17 Things Kobe Bryant Said in the Grantland Interview
17 Things Kobe Bryant Said in the Grantland Interview

Kobe Bryant recently joined Bill Simmons and Jalen Rose in a podcast to discuss his career with Shaq, his legacy as a Laker, and other NBA and personal topics.

We listened to the whole interview so you don’t have to–and share some of the best parts below.

On taking a lead role for the Lakers, starting in the 2000 playoffs:

It was [my coming out moment]. I didn’t realize it at the time, at the time it just felt like I was just playing basketball. I had worked on that pull-up shot all summer, so it just felt like I was in a gym again by myself, just doing what I’d been training to do. A shot that I’d taken thousands and thousands of times.

But for us, during those teams, during those eras, I was the taskmaster, I was driving the team, I was bringing out that emotion, that aggression, by any means necessary. I was kicking them in the butt all the time. Shaq and I played off of each other that way. He was a guy that would put his arm around teammates and giving them encouragement. During that time, that was just naturally who we are, but at the same time Shaq had a lot of dog in him and he would rip your head off in order to win.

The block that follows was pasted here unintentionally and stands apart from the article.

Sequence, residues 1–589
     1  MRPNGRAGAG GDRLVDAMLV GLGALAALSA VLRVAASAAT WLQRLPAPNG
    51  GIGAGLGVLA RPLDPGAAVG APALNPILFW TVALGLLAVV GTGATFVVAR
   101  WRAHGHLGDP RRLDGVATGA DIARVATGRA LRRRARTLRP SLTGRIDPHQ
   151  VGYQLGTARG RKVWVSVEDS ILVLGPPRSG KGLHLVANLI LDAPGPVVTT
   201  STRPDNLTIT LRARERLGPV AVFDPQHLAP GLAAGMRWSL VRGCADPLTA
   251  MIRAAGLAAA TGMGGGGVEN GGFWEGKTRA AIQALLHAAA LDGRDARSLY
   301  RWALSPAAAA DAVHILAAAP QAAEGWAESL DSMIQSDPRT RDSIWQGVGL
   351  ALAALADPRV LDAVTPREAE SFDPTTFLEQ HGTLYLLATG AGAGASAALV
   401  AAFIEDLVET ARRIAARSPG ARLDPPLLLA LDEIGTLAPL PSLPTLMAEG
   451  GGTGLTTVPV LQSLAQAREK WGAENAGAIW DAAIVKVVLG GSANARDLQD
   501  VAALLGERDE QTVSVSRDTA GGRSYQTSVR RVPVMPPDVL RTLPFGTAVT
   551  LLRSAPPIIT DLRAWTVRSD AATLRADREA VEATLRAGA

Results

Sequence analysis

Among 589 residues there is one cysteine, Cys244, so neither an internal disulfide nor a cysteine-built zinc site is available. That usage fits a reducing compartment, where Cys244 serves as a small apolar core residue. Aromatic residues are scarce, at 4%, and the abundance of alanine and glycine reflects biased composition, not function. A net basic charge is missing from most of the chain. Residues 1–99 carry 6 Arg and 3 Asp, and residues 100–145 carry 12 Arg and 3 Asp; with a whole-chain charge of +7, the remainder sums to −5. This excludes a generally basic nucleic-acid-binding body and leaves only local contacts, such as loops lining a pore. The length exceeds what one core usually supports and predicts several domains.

On his drive to work:

I never looked at it as work, I didn’t realize it was work until my first year in the NBA, when I came around I was surrounded by other professionals, and I thoguht basketball was going to be everything to them and it wasn’t. I’m like, ‘this is different.’ I thought everybody was obsessive about the game like me. I was like, ‘oh, so that’s hard work.’ 

On when he’s going to retire: